Reborn Bloodhound land speed record car finally heading to Africa for shakedown tests

High speed testing will pave the way for a record-breaking run in 2020

THE BRITISH Bloodhound land speed record car is another step closer to its 1,000mph run after the team behind it confirmed high speed testing will take place in October.

According to Bloodhound LSR (the company born from the ashes of the original Bloodhound SSC project), the single-seater rocket car will be shipped over to South Africa in October this year to begin a month-long period of shakedown trials on the Hakskeen Pan mud flats, where the final record attempt will be made.

While the tests won’t see Bloodhound reach its potential top speed, the runs should see the car go the faster than ever before. The Bloodhound LSR team will use the car’s Roll-Royce EJ200 military-grade jet engine to hit a target of around 500mph, though RAF Wing Commander and Bloodhound pilot Andy Green said they could take the speed machine up to and beyond 600mph, depending on how well the test runs go.

The trials are expected to provide the team with data they can’t gather from aerodynamic simulation programmes ahead of next year’s record run, which will supplement the jet engine with a rocket motor to blast Bloodhound to 1,00mph.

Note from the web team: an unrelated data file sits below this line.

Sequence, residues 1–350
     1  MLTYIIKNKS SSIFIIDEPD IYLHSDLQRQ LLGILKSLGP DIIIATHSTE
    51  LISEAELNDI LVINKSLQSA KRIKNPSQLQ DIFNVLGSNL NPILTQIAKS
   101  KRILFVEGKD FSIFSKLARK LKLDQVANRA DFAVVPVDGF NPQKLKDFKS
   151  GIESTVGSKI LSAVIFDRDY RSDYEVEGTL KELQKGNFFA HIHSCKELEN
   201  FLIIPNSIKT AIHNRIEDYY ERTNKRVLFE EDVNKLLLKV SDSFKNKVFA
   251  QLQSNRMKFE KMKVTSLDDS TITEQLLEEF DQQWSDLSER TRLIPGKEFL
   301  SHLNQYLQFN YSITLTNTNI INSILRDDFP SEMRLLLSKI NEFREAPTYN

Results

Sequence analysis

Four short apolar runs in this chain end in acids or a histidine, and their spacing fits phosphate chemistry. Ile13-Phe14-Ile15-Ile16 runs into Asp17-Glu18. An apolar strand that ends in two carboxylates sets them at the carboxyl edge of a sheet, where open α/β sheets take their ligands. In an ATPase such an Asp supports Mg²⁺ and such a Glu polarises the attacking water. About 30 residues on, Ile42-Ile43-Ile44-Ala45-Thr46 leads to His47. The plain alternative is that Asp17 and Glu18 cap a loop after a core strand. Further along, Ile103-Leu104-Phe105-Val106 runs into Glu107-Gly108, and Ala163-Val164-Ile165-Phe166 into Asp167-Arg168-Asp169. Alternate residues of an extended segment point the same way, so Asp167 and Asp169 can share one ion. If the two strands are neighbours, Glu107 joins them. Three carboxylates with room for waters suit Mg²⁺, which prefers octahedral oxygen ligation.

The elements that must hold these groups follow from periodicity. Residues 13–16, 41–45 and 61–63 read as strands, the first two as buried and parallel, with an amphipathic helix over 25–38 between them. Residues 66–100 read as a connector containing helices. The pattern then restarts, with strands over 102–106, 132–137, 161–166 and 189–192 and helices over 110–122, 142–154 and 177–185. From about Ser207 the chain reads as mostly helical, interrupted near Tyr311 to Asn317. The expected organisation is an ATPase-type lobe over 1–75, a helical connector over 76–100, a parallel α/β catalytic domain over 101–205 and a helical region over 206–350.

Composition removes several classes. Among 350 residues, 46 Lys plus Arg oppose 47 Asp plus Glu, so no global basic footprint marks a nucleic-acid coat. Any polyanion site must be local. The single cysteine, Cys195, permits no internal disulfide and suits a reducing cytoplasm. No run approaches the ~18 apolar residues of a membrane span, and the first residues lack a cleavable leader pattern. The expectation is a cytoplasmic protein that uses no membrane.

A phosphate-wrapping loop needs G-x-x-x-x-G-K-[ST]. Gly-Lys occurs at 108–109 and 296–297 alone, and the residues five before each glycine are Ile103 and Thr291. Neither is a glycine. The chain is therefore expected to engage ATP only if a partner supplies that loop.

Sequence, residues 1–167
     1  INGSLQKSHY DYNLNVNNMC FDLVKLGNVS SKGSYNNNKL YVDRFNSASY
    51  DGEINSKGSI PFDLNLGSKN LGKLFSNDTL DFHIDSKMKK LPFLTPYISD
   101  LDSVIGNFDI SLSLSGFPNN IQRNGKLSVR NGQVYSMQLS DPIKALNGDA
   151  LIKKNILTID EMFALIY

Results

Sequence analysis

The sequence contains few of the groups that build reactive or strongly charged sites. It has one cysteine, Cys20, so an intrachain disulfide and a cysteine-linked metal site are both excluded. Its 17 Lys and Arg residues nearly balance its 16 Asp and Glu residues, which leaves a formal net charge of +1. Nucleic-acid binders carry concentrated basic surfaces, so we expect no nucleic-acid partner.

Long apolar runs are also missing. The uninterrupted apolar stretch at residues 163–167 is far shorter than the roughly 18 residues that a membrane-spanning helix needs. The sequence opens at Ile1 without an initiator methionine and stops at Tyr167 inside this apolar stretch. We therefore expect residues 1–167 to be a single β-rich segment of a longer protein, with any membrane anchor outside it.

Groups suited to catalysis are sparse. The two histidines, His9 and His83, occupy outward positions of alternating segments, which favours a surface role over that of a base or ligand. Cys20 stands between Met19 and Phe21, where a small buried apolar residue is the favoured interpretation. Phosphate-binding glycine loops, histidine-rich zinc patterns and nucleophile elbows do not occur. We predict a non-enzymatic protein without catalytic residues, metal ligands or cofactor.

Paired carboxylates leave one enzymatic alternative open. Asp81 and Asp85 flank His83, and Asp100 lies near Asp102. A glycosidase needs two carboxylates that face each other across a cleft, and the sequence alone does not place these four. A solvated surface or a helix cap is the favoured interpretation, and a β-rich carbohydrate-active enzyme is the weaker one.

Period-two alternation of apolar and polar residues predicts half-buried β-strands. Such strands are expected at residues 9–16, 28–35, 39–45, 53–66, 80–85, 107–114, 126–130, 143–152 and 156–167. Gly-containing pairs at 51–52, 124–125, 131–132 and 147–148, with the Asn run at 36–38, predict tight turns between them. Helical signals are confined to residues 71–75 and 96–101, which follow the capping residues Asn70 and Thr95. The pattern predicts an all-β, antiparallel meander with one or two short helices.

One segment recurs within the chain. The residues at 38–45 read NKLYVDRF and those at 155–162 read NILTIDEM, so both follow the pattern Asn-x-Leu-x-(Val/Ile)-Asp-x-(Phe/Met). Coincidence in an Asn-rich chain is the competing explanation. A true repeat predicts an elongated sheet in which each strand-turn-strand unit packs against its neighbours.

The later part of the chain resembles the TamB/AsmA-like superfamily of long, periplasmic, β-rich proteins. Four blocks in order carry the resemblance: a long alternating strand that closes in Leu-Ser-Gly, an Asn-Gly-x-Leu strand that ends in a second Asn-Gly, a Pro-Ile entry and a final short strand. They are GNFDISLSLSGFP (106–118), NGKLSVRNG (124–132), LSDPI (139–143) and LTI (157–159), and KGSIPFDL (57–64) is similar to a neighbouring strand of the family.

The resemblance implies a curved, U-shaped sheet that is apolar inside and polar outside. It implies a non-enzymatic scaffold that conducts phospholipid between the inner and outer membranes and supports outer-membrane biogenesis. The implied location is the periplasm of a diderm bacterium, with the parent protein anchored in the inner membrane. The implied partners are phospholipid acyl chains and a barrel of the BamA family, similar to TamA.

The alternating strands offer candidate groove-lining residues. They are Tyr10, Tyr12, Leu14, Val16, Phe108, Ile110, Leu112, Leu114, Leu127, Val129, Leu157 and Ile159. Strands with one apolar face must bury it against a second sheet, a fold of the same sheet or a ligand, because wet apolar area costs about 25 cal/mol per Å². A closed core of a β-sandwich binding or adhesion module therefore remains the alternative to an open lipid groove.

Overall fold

By taking the car up to transonic speeds in the shakedown, Bloodhound LSR hopes to get a better understanding of aspects such as how the car behaves as it closes in on the sound barrier, and how much aerodynamic drag the bodywork generates — the latter being very valuable to the Scandinavian aerospace firm Nammo, which is building the rocket, so it knows exactly how much power needs to be provided.

While the target is still 1,000mph, Green (who set the current land speed record of 763.035mph in 1997) will be satisfied with any speed that breaks the current record. He told “[A record of] 1,000mph would be great; if we only get up to 900mph or 800mph, that’s still 800mph. Would I take that right now? Absolutely.”

He added: “There are no failures in setting a new land speed record here, it’s just the scale of the achievement. It’s not like you do or don’t get to the summit of Mount Everest; it’s a case of “we’ve achieved a unique, never-done-by-human-beings-before achievement”, and it’s just a scale of how much of that we do.”

Though Bloodhound LSR intends to be funded through sponsorships and its project partners when the record attempts begin, the company will for the time being be financially supported by its new chief executive Ian Warhurst, who saved the outfit after it went into administration in October 2018. Warhurst has already spent a seven figure sum on the project, and the Bloodhound boss yesterday revealed he isn’t expecting to see a profit at the end of it.

Speaking to, Warhurst said: “I’m not going to call it an investment, because you expect an investment to make money back. If I break even, I’ll be a very happy man.

“What I’m more interested in is I’m investing in the future of engineering, and I’m investing in creating the legacy this car will create to get more people involved in and excited about engineering. That’s what it’s about and in my view, to put that money that I made from a successful engineering business back into engineering for the future… what better way to spend the money?”

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